“Long before empowerment was written into the popular vocabulary, exemplary leaders understood how important it was that that their constituents felt strong, capable and efficacious.” Kouzes & Posner, The Leadership Challenge
It’s the advice no one gives you on day one. Or, day 1000.
It’s more than advice. It’s your mission.
Early in our career our focus is on the individual staring back at us in the mirror. We’re preoccupied with engineering our own success.
And then at some point, some boss decides to make us responsible for the work (and career steps) of others. Everything has changed, yet all too often, we continue to smile back at the increasingly successful person in the mirror.
It’s time to shift the view.
It’s not easy to move from a self-focused professional to someone who suddenly is measured by the success and growth of his or her team members.
Recognition is the first step. Too bad it’s a step that many team leaders and functional managers never make. The urgent and the urgent unimportant distract them from their rarely or never-discussed mission of strengthening others. People become tools to make numbers and complete tasks.
In reality, people are the instruments of creativity, innovation and sustainable success.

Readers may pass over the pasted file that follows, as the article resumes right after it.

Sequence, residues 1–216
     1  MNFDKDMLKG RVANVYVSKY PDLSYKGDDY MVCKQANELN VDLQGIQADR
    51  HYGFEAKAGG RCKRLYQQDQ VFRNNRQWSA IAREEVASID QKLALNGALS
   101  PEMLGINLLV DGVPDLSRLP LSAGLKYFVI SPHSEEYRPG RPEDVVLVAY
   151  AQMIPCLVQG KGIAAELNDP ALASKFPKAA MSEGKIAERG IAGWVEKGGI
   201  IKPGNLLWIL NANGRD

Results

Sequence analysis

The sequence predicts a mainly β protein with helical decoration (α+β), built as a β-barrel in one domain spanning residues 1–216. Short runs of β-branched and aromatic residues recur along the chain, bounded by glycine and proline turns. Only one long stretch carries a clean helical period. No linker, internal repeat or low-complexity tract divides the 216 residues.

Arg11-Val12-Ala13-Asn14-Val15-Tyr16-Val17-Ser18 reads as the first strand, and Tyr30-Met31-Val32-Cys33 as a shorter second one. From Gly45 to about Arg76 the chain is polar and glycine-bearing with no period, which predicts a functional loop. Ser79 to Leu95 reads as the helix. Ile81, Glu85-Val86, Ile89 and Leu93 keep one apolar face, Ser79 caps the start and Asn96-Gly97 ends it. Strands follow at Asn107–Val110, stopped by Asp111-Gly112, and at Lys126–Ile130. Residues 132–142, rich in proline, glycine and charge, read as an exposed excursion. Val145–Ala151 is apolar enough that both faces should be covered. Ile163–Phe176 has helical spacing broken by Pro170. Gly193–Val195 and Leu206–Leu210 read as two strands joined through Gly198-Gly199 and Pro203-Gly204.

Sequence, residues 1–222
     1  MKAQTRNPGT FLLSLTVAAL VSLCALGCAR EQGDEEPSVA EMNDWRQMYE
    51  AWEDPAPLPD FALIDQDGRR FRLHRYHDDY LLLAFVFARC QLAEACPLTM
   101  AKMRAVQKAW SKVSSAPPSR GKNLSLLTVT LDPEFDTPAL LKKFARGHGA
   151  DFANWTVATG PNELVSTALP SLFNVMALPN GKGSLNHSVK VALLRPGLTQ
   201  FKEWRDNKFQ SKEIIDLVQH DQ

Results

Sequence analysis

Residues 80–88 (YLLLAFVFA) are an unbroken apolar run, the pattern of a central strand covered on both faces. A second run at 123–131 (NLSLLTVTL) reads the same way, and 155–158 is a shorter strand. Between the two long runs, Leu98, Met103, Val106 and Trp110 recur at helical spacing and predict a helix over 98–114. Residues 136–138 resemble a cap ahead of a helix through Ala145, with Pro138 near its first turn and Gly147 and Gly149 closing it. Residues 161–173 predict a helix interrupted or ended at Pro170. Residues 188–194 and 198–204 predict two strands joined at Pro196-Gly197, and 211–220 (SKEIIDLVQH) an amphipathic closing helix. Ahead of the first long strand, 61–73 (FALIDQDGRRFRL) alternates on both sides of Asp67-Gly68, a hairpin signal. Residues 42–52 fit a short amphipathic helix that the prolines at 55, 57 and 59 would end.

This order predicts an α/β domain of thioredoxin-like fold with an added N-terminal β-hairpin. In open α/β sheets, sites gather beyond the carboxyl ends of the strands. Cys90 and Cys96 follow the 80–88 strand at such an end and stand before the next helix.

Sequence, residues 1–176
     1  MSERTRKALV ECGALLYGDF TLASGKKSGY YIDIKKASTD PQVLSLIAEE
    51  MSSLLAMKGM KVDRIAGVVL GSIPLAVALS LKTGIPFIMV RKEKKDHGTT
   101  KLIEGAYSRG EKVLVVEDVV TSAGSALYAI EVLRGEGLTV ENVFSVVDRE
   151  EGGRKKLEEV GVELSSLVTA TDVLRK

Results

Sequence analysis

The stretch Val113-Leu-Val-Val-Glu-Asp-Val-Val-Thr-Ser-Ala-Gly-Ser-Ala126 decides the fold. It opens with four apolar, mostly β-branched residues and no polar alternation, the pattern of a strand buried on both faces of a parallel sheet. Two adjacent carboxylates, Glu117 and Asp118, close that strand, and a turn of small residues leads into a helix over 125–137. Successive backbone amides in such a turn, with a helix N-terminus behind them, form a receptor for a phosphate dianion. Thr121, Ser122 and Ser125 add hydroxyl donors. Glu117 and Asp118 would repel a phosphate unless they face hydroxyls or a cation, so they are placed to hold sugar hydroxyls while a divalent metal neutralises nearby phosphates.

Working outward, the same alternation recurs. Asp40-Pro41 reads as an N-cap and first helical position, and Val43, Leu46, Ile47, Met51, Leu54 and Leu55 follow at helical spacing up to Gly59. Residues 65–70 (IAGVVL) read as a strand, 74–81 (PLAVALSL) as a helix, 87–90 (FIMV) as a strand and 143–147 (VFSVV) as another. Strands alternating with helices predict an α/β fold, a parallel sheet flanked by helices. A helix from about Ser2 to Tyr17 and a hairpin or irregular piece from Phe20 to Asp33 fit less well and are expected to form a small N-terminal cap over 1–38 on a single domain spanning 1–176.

6 Helpful Reminders for Your Mission to Strengthen Others
1. You must break the mirror you’ve been staring into looking for signs of success. It’s not about you. It’s what you can do to support the learning and growth of those around you.
2. You need to change your measure of success. You will be successful if your team members feel “strong, capable and efficacious” as Kouzes and Posner share in the quote above.
3. “Strengthening Others” isn’t code for being soft. On the contrary, it comes through holding people accountable, pushing them beyond their perception of their capabilities and providing experiences that lead to experimentation, occasional failure and frequent learning.
4. Remember: teach, don’t tell. The leaders who get this right are teachers first and bosses second.
5. If you fail today, you can fix it tomorrow. There’s no expiration date on this mission.
6. See number 5. You will fail many times. This is hard work.
The Bottom-Line for Now:
At different points in your life, you’ll shift your own personal definition of success. The day you gain responsibility for the work of others is one of those points.
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An ideal book for anyone starting out in leadership: Practical Lessons in Leadership by Art Petty and Rich Petro.